Suggested Exemplar Revisions

I've been doing some analysis of character frequency, and on that basis have the following recommendations for changes to the exemplar characters.
As a reminder, the main exemplar characters are those that are required for native words in modern customary use. For example, "a-z" suffice for English. The aux exemplar characters include other characters that would not be unexpected in common non-technical publications: those that are native but not required (eg, ö as in coöperate, or "pronunced dāvĭs"), foreign loan words (eg, résumé). [A useful source of the aux letter are newspaper style guidelines.]

  • Characters (more precisely, combining character sequences) are given in rough frequency order, in boxes colored according to the relationship to the CLDR exemplar sets. 
  • Some of the changes below have already been incorporated (marked in italic). Note that the characters inside the boxes are not ordered by frequency, but the boxes are (rightmost containing more frequent characters). 
  • There is some noise in the system, so don't give too much weight to characters towards the left  (they are all trimmed to no more than 1000 characters), or for languages without much presence on the web. 
  • The characters are partially normalized (width, Arabic shapes, NFC).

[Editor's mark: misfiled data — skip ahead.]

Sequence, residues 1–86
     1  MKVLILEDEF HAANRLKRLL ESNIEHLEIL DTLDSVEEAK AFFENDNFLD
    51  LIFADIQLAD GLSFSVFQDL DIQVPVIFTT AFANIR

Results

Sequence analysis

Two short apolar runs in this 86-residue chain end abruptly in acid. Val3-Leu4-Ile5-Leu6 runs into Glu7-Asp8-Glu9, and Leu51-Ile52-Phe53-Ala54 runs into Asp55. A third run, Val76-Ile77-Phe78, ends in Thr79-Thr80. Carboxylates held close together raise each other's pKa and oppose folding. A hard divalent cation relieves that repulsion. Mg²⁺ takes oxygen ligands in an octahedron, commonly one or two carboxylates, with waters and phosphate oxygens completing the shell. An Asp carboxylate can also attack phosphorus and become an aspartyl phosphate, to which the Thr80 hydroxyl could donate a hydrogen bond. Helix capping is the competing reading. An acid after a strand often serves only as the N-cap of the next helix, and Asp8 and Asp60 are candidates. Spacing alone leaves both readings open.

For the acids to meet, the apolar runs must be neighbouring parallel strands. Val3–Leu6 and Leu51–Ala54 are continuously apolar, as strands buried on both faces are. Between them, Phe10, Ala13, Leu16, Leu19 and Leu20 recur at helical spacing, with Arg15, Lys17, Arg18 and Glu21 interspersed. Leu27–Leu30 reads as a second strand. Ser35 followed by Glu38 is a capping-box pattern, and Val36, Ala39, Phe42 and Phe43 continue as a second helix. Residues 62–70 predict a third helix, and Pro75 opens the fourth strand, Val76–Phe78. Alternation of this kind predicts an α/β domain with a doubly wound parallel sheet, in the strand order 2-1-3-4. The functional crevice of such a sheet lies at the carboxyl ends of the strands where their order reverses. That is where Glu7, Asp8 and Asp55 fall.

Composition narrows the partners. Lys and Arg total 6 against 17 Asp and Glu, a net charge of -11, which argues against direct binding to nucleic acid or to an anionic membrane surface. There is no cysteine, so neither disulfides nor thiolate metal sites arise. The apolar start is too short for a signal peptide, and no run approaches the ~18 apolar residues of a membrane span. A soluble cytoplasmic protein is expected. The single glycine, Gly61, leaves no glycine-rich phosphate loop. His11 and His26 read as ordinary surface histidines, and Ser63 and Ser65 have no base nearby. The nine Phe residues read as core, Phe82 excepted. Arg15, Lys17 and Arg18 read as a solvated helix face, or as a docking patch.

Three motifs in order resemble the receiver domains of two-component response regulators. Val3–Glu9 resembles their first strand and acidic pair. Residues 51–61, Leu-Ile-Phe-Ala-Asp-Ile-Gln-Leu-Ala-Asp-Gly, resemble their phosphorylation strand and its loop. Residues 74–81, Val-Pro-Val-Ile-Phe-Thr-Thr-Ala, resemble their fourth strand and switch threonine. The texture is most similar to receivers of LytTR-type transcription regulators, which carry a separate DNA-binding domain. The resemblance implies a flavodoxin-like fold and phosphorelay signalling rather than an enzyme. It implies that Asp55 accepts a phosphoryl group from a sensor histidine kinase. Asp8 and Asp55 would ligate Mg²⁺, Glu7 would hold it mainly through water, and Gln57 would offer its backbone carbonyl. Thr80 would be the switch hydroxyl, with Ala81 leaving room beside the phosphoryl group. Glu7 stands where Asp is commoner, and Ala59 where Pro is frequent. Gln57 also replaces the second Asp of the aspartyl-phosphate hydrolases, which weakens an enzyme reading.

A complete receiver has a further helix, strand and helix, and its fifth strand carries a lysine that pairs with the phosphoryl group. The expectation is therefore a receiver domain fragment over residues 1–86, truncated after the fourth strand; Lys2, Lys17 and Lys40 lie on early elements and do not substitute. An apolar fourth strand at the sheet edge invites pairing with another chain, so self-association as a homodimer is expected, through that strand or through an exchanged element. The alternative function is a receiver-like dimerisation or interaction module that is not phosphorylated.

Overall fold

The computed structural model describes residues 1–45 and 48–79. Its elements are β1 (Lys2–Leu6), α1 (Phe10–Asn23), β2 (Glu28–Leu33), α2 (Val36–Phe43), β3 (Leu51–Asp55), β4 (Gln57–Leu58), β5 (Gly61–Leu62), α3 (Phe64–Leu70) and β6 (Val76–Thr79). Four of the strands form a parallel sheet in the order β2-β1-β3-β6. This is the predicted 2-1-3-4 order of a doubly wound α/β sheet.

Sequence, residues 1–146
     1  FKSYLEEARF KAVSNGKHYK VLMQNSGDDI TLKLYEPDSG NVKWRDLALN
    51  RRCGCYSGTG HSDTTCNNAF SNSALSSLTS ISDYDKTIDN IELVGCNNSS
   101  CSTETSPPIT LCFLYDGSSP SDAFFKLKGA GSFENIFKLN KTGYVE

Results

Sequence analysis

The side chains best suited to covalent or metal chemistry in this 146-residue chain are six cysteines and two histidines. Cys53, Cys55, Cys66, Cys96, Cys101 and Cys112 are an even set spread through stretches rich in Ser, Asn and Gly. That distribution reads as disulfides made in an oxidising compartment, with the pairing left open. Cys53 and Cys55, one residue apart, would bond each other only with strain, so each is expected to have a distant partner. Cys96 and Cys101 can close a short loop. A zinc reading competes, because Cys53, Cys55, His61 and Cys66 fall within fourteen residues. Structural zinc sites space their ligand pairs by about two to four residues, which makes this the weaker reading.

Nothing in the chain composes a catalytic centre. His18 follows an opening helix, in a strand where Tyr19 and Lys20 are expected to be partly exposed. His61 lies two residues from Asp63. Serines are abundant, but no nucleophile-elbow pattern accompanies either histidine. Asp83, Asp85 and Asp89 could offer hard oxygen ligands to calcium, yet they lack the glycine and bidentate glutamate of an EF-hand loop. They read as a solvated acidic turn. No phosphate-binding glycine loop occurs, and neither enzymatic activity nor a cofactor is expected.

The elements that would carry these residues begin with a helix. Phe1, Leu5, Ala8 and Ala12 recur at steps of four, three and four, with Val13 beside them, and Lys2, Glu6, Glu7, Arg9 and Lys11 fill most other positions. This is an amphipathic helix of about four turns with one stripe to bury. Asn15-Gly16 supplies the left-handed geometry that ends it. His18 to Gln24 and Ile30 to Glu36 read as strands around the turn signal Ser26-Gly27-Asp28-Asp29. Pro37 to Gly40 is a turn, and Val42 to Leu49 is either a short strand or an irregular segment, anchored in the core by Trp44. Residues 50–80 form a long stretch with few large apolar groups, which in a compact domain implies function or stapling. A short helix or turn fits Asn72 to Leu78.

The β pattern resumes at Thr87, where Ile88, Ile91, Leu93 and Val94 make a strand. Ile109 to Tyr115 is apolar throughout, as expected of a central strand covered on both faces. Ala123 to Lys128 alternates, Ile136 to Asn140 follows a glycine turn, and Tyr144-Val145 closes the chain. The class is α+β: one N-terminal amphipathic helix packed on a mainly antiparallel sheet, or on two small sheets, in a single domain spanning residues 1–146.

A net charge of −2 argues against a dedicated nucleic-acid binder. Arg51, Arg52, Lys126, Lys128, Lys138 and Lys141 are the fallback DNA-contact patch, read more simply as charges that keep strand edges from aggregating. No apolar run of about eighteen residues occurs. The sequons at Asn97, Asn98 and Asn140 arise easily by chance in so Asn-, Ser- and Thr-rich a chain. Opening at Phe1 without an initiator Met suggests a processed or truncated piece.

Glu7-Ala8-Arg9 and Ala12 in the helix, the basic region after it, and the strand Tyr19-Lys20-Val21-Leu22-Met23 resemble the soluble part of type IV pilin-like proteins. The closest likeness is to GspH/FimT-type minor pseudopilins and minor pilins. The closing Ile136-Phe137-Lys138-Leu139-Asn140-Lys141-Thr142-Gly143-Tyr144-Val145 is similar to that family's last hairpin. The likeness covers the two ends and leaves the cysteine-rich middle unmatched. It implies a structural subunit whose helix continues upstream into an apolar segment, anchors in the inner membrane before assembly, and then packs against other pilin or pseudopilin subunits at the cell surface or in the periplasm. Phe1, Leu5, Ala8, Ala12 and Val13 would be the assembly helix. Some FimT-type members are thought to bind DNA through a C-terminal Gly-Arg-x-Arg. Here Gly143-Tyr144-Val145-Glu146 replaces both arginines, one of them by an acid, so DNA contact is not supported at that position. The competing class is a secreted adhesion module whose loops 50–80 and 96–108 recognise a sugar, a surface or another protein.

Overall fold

• The characters are from a sample of the web, about 800M docs, and 5T characters.

Here are my suggestions. Please send feedback to mark@macchiato.com with any other suggestions, or add comments to http://unicode.org/cldr/trac/ticket/2789.

Suggestions

1. For all Latin-script languages, add [a-z] into the aux set. For others, check that any Latin script characters are deliberate, and either include all of a-z or none (I found in Tamil: <exemplarCharacters type="auxiliary">[a g i m t]</exemplarCharacters>)

2. zh shows the following as high-frequency characters but not in exemplars 网 机 产 册 没 只 帖 万 ...  . Consider adding to main. There are some other high frequency characters in aux, that probably should be in main: 线 录 

3. I collected some draft info on languages* we don't have, expressed in code at the end of this document. Consider adding locales to at least encompass this information.

4. ja doesn't include the following, should probably be in aux: 岡 阪 奈 藤 俺 伊 誰...

5. es should have ª in main, check that aux covers (French/German/Danish/Port.)

6. de should have ß in main, check aux covers French/Spanish/Danish/Turkish

7. pt should have ª º in main, French/Spanish/German/Danish in main

8. ko should have jamo in aux, and: 中 人 北 大 女 完 文 日 本 的 美 語...

9. it should check French/German/Danish in aux

10. In general, we should see which languages follow the convention of using trema to separate digraph vowels (eg naïve), and add the 6 vowels with trema to aux, at least.

11. in aux should cover French/Dutch

12. tr aux should cover French/German

13. zh-Hant: should look at 只 帖 搜 壇 ..

14. nl aux should cover French/Spanish/German/Danish

15. pl aux should cover French/German

16. fil aux should cover Spanish/French

17. qu* aux should cover Spanish

18. hu aux should cover German

19. el aux should cover polytonic greek

20. fi aux should cover French, German

21. We should include non-Western decimal digits into the corresponding exemplars